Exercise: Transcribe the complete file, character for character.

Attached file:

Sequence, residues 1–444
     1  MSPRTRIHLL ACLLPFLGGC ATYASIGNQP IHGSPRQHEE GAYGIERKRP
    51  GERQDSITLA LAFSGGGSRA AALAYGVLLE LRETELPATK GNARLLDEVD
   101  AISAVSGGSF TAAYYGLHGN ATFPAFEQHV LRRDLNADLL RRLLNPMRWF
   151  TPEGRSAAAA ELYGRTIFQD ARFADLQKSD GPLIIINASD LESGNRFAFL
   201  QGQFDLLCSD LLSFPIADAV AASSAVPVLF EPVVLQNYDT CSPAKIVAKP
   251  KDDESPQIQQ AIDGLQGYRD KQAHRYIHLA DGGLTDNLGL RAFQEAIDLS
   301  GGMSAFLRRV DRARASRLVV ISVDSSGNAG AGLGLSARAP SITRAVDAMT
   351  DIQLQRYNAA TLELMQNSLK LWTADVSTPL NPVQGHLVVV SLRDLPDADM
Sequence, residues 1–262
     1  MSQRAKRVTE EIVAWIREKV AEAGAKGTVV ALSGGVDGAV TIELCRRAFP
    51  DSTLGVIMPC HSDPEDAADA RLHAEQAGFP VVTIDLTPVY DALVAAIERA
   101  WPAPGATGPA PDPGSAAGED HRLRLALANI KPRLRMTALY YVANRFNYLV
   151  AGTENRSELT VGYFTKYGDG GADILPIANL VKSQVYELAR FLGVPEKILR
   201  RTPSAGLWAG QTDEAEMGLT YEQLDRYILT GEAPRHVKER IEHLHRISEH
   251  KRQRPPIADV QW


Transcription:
Sequence, residues 1–444
     1  MSPRTRIHLL ACLLPFLGGC ATYASIGNQP IHGSPRQHEE GAYGIERKRP
    51  GERQDSITLA LAFSGGGSRA AALAYGVLLE LRETELPATK GNARLLDEVD
   101  AISAVSGGSF TAAYYGLHGN ATFPAFEQHV LRRDLNADLL RRLLNPMRWF
   151  TPEGRSAAAA ELYGRTIFQD ARFADLQKSD GPLIIINASD LESGNRFAFL
   201  QGQFDLLCSD LLSFPIADAV AASSAVPVLF EPVVLQNYDT CSPAKIVAKP
   251  KDDESPQIQQ AIDGLQGYRD KQAHRYIHLA DGGLTDNLGL RAFQEAIDLS
   301  GGMSAFLRRV DRARASRLVV ISVDSSGNAG AGLGLSARAP SITRAVDAMT
   351  DIQLQRYNAA TLELMQNSLK LWTADVSTPL NPVQGHLVVV SLRDLPDADM
Sequence, residues 1–262
     1  MSQRAKRVTE EIVAWIREKV AEAGAKGTVV ALSGGVDGAV TIELCRRAFP
    51  DSTLGVIMPC HSDPEDAADA RLHAEQAGFP VVTIDLTPVY DALVAAIERA
   101  WPAPGATGPA PDPGSAAGED HRLRLALANI KPRLRMTALY YVANRFNYLV
   151  AGTENRSELT VGYFTKYGDG GADILPIANL VKSQVYELAR FLGVPEKILR
   201  RTPSAGLWAG QTDEAEMGLT YEQLDRYILT GEAPRHVKER IEHLHRISEH
   251  KRQRPPIADV QW